5.2.4. Complete Inter-Frames Decision Architecture

All architectures presented in the previous sections were integrated to generate the inter-frames decision module, as shown in Figure 20. The partition size decision module is responsible to calculate the horizontal and vertical border strengths, the subpartition size decision module performs sub-border strength calculations, the stationarity detection compares co-located blocks for SKIP mode decision, and the heterogeneity calculation performs the partial DCT calculation to decide whether or not sub-partitions are used. As previously mentioned, all these operations are performed in parallel, since there is no data dependency between these operations. The results generated by these modules are then evaluated by the Decision Module, according to the hierarchical decision method proposed in Figure 8.

In order to provide a better understanding of the architecture working flow, Figure 21 shows the temporal diagram of the inter-frames mode decision. The partition size decision is able to process one block line per clock cycle (e.g., P0–P3 and Q0–Q3 of Figure 11). It means that 16 clock cycles are needed to process each complete border (vertical and horizontal), totalizing 32 clock cycles to generate both border strengths. The sub-partition size decision generates four sub-border strengths per clock cycle. This way, only four clock cycles are needed to generate the 16 border strengths for the whole macroblock. The SKIP stationarity detection module is able to perform the SAD calculation between the original and the reference macroblock in 32 clock cycles, since it takes 2 clock cycles to calculate the SAD for one block. Finally, the heterogeneity calculation takes 48 clock cycles to generate all coefficients used in the sub-partition detection, and it is thus the critical path of the inter-frames mode decision architecture. The best mode is chosen in one final clock cycle, totalizing 49 cycles to complete the inter-frames mode decision process.

6. Architectural Synthesis Results

Both intra-frame and inter-frames mode decision architectures were synthesized targeting two different technologies in order to allow their use in different applications: (1) Altera Stratix II Field-Programmable Gate Array (FPGA) [23] (using Altera Quartus II) and (2) TSMC 0.18 μm standard cells library [24] (using Mentor Graphics Leonardo Spectrum [25]).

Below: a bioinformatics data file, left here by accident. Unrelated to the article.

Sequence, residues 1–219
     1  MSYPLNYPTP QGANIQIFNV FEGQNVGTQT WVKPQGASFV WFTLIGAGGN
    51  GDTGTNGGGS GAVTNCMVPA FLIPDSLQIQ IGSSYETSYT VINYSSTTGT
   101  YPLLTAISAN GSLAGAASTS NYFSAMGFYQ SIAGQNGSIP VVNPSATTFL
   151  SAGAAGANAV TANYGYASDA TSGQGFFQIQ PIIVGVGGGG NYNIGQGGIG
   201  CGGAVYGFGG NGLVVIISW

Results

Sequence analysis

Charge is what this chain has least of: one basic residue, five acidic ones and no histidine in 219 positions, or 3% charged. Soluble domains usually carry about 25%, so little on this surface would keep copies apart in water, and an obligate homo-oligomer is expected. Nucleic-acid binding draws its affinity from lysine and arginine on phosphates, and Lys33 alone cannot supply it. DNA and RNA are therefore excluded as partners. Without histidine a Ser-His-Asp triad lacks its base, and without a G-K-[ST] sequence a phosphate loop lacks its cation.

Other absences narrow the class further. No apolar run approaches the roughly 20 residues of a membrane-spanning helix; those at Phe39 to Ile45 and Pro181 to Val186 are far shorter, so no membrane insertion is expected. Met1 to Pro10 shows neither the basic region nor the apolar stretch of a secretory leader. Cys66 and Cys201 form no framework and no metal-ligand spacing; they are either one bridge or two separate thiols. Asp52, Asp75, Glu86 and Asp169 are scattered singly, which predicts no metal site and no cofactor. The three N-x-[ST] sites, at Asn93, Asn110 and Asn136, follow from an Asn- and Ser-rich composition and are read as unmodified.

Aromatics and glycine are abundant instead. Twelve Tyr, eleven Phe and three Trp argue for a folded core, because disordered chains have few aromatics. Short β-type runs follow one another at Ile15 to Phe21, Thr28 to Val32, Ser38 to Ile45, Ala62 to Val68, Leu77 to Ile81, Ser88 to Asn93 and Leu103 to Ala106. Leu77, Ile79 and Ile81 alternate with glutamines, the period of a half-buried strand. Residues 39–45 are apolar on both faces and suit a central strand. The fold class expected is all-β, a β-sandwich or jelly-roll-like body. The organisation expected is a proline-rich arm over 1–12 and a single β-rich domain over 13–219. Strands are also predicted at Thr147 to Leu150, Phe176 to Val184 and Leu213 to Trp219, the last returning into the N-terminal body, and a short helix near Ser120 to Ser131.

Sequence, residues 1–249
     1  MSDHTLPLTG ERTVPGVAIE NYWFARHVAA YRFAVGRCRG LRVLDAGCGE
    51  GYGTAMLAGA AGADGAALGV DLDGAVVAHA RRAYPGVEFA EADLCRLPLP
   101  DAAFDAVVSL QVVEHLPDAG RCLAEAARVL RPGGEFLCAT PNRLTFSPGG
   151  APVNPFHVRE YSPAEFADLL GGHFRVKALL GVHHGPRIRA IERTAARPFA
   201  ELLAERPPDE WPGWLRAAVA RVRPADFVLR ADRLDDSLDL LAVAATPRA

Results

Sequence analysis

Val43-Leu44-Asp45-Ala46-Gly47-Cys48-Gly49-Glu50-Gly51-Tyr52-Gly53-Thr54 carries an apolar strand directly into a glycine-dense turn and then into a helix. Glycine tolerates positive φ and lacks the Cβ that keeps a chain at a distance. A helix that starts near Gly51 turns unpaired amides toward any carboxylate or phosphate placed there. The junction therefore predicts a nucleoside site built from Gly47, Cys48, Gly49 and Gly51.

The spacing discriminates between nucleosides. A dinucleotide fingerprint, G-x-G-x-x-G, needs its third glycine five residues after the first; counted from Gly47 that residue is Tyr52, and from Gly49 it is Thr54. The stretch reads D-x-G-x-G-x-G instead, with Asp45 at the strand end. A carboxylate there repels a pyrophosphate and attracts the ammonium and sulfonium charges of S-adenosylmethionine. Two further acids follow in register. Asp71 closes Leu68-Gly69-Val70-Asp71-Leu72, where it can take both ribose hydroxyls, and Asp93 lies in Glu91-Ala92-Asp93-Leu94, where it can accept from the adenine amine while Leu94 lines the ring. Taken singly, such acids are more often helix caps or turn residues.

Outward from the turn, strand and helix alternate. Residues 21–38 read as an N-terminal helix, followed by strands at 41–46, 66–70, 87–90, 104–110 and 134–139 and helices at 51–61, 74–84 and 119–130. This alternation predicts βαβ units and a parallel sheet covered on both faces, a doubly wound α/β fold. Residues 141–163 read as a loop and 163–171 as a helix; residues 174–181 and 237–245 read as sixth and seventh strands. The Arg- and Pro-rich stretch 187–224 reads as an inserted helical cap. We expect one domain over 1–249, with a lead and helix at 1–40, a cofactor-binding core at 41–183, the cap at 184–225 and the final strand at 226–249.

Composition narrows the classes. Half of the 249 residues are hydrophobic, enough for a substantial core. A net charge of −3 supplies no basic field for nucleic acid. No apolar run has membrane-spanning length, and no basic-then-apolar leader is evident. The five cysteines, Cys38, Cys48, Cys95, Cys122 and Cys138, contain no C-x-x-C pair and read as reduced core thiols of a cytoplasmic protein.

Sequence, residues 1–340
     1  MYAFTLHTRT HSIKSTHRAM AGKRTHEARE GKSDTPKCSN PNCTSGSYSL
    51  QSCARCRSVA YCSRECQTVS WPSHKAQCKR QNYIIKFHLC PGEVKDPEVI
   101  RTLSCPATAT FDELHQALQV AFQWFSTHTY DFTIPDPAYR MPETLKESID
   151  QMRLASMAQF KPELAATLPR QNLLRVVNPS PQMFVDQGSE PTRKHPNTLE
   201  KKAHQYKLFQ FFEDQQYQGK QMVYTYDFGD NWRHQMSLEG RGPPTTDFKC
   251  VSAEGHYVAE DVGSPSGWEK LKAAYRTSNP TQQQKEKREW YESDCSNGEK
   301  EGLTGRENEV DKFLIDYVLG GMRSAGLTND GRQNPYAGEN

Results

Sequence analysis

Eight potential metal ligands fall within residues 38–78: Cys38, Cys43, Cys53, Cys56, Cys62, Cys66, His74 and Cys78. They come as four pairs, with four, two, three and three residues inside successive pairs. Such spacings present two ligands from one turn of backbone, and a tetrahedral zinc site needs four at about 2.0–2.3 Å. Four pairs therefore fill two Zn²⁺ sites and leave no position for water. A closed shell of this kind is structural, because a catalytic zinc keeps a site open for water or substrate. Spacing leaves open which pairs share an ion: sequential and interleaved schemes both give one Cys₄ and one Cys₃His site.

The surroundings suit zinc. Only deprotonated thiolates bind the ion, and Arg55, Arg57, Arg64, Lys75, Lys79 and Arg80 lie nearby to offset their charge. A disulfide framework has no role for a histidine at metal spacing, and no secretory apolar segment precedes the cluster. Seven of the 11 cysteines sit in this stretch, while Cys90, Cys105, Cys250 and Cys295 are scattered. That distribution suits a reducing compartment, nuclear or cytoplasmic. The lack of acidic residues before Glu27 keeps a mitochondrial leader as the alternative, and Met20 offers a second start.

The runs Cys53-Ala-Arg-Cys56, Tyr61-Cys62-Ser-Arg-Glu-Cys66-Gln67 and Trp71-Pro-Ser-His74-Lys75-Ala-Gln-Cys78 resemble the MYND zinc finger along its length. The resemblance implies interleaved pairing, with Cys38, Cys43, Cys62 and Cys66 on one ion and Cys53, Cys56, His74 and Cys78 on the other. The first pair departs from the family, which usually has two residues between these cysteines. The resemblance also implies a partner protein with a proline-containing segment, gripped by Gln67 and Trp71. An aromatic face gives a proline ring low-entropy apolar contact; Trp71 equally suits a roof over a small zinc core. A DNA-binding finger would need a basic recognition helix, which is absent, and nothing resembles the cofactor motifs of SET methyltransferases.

The synthesis results for intra-frame mode decision architecture are presented in Table 5. This architecture used 3,267 altera look-up tables (ALUTs) and 2,312 dedicated logic registers (DLRs) from the specified FPGA, which represent only 4% of the overall device resources. When targeting FPGA prototyping, the architecture reached an operation frequency higher than 98 MHz. The synthesis results for standard cells used less than 29 Kgates and it is able to run at 129.1 MHz.

FPGA Altera Stratix IITSMC 0.18 μm standard cells
Number of ALUTsNumber of DLRsFrequency (MHz)Area (Number of gates)Frequency (MHz)


Considering the highest operation frequency reached by the intra-frame decision architecture and the number of clock cycles used to process a complete macroblock in an HD1080p video sequence (discussed in Section 5.1), the architecture processing rate capability was calculated in frames per second (fps). The intra-frame mode decision is capable of processing up to 468 fps (HD1080p videos), which is much higher than the minimum requirements for real-time video coding. This way, in order to achieve a minimum frame rate of 30 frames per second, the architecture operation frequency can be downscaled to 8.5 MHz, significantly decreasing its energy consumption.

The inter-frames mode decision architecture synthesis results are presented in Table 6. This architecture used 5,796 ALUTs and 2,859 DLRs from the specified FPGA, reaching an operation frequency of 146.6 MHz. The standard cells synthesis reached an operation frequency of 142.4 MHz, using less than 86 Kgates. Considering the standard cells results of frequency and the number of clock cycles necessary to process each macroblock in P slices, the architecture is capable of processing up to 369 fps (HD1080p videos), which is more than enough for real-time applications. To achieve the minimum rate of 30 frames per second, the architecture frequency can be downscaled to 11.9 MHz.

FPGA Altera Stratix IITSMC 0.18 μm Standard Cells
Number of ALUTsNumber of DLRsMax. frequency(MHz)Area (number of gates)Max. Frequency(MHz)


This section presents a comparison between the proposed method and other related works found in the literature (presented in Section 3). Table 7 presents results in terms of PSNR drop, bit rate increase, and mode decision computational complexity decrease, which is measured in number of iterations of the encoding loop previously defined. Complexity reduction results (complexity) for all works considered the worst case decisions and did not consider the complete GOP, so that intra-frame and inter-frames mode decision can be separately compared to the other corresponding intra-only or inter-only decision methods.